Joseph Bohmann was no stranger to flamboyant marketing prose and at various times he laid claim to being the The World’s Greatest Musical Instrument Manufacturer and the The World’s Fastest Violin Maker, the latter being one of the stranger boasts from any violin, mandolin or guitar maker.
In the 1870s, Bohmann emigrated to America from Bohemia, where we presume he trained as a luthier. (Next to nothing is known about his early life.) In 1878 he established himself in his new home as an instrument maker when he formed the oddly named Bohmann's American Musical Industry. Bohmann is an important figure in fretted instrument history as he was perhaps the first builder to make mandolins in the United States and by the early 1890s he was supplying mandolins to Mongtomery Ward’s and Sears. Bohmann was also one of the first guitar makers to build and brace guitars for steel strings.
The turn of the Twentieth Century featured innumerable mechanical patents for musical instruments , and Bohmann was right in there with the pack. He designed, produced and patented a variety of instruments both traditional and innovative, as well as a number of “orthopedic” add-ons to help train and maintain the player’s proper hand position, or at least the proper hand position according to Joseph Bohmann.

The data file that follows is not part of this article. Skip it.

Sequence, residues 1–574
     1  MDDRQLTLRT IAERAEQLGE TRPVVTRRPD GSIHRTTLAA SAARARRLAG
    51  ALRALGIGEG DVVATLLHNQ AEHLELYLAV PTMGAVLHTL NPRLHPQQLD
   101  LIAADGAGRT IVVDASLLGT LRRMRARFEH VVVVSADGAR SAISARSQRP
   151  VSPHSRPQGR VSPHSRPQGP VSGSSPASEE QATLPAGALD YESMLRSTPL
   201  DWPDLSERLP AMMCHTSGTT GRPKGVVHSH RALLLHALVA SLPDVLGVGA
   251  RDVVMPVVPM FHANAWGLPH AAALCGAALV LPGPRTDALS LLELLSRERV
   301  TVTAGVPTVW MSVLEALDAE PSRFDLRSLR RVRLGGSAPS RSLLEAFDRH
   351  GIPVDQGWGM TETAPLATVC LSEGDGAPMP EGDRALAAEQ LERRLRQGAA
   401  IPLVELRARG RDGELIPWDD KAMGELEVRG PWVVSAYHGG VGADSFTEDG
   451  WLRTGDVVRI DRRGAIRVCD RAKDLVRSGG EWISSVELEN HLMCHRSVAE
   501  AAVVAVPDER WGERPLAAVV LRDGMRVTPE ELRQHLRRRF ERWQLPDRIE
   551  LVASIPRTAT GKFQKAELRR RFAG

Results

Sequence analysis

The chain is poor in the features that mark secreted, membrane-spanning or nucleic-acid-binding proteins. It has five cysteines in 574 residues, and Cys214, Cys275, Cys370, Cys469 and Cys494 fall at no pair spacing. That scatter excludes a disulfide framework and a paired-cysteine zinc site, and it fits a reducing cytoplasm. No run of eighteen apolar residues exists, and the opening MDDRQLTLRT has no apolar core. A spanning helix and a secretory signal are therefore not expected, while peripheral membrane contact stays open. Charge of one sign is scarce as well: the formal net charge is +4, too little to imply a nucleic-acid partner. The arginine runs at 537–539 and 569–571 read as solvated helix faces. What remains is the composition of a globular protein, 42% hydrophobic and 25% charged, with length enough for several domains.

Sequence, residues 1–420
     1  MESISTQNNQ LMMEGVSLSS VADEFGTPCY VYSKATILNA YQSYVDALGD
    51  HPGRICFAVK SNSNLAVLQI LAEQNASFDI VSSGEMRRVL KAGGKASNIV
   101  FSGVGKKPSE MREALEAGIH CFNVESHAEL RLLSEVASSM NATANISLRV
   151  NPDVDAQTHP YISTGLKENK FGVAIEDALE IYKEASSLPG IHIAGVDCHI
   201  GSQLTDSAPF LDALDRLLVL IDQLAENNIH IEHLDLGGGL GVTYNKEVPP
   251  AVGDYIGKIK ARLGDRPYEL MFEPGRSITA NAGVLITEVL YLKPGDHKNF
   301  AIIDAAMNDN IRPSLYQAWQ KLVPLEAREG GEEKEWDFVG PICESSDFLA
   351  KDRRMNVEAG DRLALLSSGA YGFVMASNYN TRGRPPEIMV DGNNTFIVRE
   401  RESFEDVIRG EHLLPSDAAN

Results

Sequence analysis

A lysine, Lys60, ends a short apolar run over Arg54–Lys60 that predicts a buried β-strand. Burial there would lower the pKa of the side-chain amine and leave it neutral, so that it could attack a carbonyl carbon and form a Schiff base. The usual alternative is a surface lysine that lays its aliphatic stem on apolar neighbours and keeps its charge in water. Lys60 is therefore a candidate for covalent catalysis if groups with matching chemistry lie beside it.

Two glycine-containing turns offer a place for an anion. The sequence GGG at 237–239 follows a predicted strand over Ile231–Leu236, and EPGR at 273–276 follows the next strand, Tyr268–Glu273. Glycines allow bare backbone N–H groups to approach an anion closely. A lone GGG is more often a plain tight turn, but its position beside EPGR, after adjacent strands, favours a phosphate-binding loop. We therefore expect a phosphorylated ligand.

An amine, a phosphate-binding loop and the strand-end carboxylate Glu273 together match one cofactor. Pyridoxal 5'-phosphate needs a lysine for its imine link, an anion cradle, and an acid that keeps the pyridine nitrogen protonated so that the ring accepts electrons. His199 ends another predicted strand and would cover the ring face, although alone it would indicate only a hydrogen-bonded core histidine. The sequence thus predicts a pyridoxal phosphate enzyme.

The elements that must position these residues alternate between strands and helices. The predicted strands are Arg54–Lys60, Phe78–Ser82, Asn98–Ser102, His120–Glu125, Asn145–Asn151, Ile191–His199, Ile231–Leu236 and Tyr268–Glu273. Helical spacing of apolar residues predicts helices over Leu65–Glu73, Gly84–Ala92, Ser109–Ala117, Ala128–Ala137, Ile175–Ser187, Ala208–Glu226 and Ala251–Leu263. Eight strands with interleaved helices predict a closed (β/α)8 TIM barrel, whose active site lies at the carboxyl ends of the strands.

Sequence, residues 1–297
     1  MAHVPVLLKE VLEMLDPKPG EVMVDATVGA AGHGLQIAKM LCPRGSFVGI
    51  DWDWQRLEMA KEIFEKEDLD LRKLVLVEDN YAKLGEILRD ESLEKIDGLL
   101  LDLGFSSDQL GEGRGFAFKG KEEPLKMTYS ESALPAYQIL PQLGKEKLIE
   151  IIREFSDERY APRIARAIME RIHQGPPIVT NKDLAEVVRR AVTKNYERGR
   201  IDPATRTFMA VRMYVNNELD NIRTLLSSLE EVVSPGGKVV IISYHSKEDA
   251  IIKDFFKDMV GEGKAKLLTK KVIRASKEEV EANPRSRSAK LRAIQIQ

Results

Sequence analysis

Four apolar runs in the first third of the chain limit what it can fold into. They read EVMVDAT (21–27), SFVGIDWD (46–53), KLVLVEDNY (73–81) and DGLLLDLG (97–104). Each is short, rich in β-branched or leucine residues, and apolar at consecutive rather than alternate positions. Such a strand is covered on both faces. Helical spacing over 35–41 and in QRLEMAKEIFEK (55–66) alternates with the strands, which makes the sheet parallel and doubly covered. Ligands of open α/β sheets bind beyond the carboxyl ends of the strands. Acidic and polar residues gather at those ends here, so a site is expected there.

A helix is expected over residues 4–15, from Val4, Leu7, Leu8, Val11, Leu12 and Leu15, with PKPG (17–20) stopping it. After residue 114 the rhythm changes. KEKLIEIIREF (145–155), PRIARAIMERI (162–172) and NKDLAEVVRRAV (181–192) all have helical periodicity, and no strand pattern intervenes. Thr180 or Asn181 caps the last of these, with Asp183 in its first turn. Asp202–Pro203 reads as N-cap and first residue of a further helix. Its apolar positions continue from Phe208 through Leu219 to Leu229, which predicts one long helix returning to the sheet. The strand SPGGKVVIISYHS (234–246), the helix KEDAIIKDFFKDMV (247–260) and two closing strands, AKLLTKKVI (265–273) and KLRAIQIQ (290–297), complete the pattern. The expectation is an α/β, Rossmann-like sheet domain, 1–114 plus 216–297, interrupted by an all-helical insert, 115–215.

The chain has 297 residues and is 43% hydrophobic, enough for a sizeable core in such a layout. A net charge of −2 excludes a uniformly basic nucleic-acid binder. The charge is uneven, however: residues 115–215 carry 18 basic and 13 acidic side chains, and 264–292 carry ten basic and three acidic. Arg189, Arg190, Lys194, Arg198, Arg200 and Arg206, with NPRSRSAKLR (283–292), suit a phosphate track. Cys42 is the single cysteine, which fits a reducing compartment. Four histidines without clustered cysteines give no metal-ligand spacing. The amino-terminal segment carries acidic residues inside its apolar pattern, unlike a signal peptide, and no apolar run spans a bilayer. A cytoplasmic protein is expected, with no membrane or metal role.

This harp guitar was made towards the end of Bohmann’s career and it features many of his patented ideas. Perhaps the most famous of these are the sympathetic tone rods, a tunable set of resonating metal rods he patented in 1915. The rods are tuned with nuts to specific pitches just like a string. There is also a damping bar, activated via a push button in the guitar top. This guitar also features a double cutaway body, an innovation that Bohmann patented in 1916 and a thick convex top and back, another one of his patents. It has a six string fretted section and two sub-bass strings.
This guitar came to us a decade ago in very rough shape. The back had a large open crack, the handmade gears didn’t work, the tone rods were rattling, the top was loose and the finish was badly worn. We removed the back and repaired and stabilized the crack, reassembled the tone rod system, disassembled and cleaned the tuning machines and restored the finish with French polish. We also leveled and reset the frets, and this guitar now plays as well as it did when it was new. Only a handful of Bohmann’s later harp guitars survive, and they almost never come up for sale.
stock no. 58302